Russia has lost 15,000 soldiers in Ukraine, claims CIA chief

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The head of the Central Intelligence Agency (CIA) has estimated Russian has lost some 15,000 soldiers since its invasion of Ukraine in February.

CIA director William Burns said that Ukraine had inflicted “significant losses” on Russian forces since the invasion began five months ago.

Another 45,000 Russian soldiers are also estimated to have been wounded during the invasion, Mr Burns added.

“The latest estimates from the US intelligence community would be something in the vicinity of 15,000 (Russian forces) killed and maybe three times that wounded,” he told the Aspen Security Forum in Colorado.

Describing the numbers as a “quite significant set of losses”, Mr Burns added that Ukraine had also suffered heavy casualties while fighting Russian forces.

He told the conference: “The Ukrainians have suffered as well – probably a little less than that. But, you know, significant casualties.”

Russia has not made public the actual figure of casualties in its war, with the only update on 25 March declaring that 1,351 of its soldiers had been killed one month into the invasion.

After failing to capture Kyiv and large swathes of the country at the beginning of the conflict, Russian forces now control about one fifth of Ukraine.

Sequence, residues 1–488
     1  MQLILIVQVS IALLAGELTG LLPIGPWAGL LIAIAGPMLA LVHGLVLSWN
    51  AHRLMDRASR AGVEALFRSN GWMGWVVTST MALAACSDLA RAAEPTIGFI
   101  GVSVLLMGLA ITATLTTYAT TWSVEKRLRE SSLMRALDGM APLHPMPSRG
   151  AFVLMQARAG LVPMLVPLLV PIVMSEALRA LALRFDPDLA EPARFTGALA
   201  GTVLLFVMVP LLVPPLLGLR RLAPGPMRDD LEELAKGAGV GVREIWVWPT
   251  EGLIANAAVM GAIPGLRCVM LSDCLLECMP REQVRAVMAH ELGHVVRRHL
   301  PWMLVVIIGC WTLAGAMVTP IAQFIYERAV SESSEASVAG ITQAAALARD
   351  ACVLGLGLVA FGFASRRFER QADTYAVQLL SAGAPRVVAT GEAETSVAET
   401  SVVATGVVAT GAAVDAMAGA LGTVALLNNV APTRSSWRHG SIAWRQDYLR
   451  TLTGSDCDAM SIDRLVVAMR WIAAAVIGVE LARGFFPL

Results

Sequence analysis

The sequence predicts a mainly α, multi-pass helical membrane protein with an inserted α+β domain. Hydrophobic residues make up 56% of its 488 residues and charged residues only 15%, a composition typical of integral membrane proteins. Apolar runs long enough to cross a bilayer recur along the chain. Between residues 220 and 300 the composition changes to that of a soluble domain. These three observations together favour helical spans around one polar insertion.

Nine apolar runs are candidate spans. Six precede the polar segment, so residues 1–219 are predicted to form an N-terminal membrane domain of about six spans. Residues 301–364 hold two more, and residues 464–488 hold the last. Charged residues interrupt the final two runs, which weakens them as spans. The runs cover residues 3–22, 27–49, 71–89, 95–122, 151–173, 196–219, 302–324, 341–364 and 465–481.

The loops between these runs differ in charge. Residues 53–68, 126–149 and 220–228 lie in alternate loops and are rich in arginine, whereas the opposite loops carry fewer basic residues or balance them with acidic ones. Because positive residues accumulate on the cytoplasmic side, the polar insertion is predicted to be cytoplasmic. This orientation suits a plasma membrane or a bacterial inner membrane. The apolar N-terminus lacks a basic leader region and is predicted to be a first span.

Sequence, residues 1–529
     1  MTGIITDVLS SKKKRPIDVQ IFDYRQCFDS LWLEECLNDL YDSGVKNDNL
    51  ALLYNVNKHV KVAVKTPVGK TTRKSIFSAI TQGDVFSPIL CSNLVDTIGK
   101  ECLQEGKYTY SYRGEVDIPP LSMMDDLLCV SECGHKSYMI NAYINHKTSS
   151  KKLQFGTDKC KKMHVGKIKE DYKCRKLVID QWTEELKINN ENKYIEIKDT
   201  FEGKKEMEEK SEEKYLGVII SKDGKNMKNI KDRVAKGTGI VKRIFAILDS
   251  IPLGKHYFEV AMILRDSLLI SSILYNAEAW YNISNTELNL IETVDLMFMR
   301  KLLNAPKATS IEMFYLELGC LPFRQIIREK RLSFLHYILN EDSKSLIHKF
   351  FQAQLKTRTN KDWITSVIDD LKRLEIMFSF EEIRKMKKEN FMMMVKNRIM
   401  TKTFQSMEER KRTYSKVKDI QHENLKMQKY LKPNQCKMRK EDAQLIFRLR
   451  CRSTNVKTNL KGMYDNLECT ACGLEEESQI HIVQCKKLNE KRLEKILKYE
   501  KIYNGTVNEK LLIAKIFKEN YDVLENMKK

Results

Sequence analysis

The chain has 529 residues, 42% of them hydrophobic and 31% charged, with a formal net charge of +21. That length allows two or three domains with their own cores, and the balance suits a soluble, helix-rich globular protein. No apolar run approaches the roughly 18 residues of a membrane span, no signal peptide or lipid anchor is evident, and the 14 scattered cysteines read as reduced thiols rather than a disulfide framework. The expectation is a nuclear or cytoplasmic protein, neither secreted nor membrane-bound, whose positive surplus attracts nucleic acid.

The country’s defence minister Sergei Shoigu said earlier this month his country had “full control” over the eastern region of Luhansk, which forms about half of Ukraine’s Donbas region.

Mr Burns said Russia had concentrated its forces there and could once again try extending its control beyond eastern Ukraine.

“In a way, what the Russian military has done is retreat to a more comfortable way of war, in a sense, by using their advantages and long range firepower to stand off and effectively destroy Ukrainian targets and to compensate for the weaknesses in manpower that they still experience,” Mr Burns said.

The United States has provided intelligence to help guide Ukraine its battlefield decisions, while Congress in May passed a $40bn package of funding for military hardware and humanitarian aid.

Additional reporting by Reuters

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